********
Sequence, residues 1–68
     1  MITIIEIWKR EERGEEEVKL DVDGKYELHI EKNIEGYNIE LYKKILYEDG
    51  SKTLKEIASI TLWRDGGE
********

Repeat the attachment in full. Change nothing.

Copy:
Sequence, residues 1–68
     1  MITIIEIWKR EERGEEEVKL DVDGKYELHI EKNIEGYNIE LYKKILYEDG
    51  SKTLKEIASI TLWRDGGE